By Tahlia Mitchell | Dated June 4, 2022 | 0 Comments
Can you believe it’s already Winter? With the weather cooling down, this can be a difficult time of year for some of our older patients as their arthritis flares […]
By Helen Burns | Dated March 29, 2021
Did you know that prior to the 1970s, canine parvovirus was not a disease risk for dogs? In fact, canine parvovirus mutated from a cat virus in 1978, and since then has been a major threat to the health of puppies all over the world. Although parvoviruses affect most mammals, each species tends to have its own parvovirus, which doesn’t infect any other species.
These particularly small and robust viruses are extremely effective at survival, and can remain infective in the environment for many months. This enables the virus to infect puppies both by direct contact with an infected dog, and by contact with virus particles contained in faeces in the environment.
Once a puppy ingests the virus, it travels throughout the body, targeting rapidly dividing cells. Its main focus are the cells lining the intestine and the white blood cells, which leads to severe bloody diarrhoea and profoundly low white blood cell counts. Puppies tend to present to the vet 4-14 days after exposure to parvovirus, with signs of severe illness, with depression, anorexia, vomiting and bloody diarrhoea. Untreated, the mortality rate is about 70%, however with treatment which includes intravenous fluids, antibiotics for secondary bacterial sepsis, medication for nausea and nutritional support, the survival rate can reach 90%.
Prevention is of course better than a cure, and the parvovirus vaccine is one of the core vaccines given to puppies, at 6-8 weeks of age, 10-12 weeks of age and at 16 weeks.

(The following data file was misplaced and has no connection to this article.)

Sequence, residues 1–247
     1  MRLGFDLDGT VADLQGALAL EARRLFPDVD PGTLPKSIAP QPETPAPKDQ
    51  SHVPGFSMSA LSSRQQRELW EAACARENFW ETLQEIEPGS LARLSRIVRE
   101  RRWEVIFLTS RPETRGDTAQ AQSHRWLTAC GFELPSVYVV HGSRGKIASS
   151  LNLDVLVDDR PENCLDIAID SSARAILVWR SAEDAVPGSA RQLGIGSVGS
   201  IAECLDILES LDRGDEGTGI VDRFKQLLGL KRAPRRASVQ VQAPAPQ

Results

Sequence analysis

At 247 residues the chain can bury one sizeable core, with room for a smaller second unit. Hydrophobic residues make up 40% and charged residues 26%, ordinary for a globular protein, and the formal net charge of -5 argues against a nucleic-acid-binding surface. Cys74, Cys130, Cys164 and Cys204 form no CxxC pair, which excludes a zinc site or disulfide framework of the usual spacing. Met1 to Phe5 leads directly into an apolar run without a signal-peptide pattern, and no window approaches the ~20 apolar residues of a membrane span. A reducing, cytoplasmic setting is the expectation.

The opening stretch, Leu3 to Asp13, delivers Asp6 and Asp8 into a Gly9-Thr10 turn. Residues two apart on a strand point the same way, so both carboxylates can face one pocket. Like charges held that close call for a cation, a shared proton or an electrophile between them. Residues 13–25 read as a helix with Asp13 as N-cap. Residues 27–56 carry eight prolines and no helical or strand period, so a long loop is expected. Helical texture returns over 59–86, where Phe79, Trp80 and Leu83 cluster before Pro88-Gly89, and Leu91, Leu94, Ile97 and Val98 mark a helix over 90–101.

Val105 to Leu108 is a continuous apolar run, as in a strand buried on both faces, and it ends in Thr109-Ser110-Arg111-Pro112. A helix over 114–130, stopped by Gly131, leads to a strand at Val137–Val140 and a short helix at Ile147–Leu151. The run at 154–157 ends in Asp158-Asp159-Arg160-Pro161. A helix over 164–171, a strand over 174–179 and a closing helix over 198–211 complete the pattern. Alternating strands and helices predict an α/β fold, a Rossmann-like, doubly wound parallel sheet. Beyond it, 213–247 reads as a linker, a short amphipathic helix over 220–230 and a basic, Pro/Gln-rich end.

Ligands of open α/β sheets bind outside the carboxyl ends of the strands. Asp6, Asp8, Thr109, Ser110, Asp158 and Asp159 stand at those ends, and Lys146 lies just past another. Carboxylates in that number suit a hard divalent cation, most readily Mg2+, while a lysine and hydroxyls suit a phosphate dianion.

You may wonder why it is that we give puppies 3 vaccines (all of which contain the parvovirus vaccine), at 6-8 weeks of age, 10-12 weeks, and again at 16 weeks old. For a puppy to form an immune response to a vaccine, they mustn’t have significant antibodies already, because those antibodies just destroy the vaccine as though it is a real infection. Now puppies obtain antibodies from the mother’s milk, called colostrum on the day of their birth. These antibodies help to protect the puppy from parvovirus, among other infections, until they have waned to such a low level that they are no longer effective. If puppies are vaccinated whilst they have high numbers of antibodies from their mother, then their response to the vaccine won’t be sufficient. We know that these maternal antibodies drop in number over time, and at different rates in different puppies. Even in the one litter, the puppy who was born first and fed first may have a higher antibody level that lasts longer, than the pup born last. We do know, however that the vast majority of puppies will not have significant maternal antibodies at 16 weeks of age. This is one of the reasons that puppies are given the 3 vaccines, with the last one at 16 weeks of age. We aim to catch them as soon as possible after the immunity from their mother has waned, so that they can develop their own strong immunity to this devastating virus.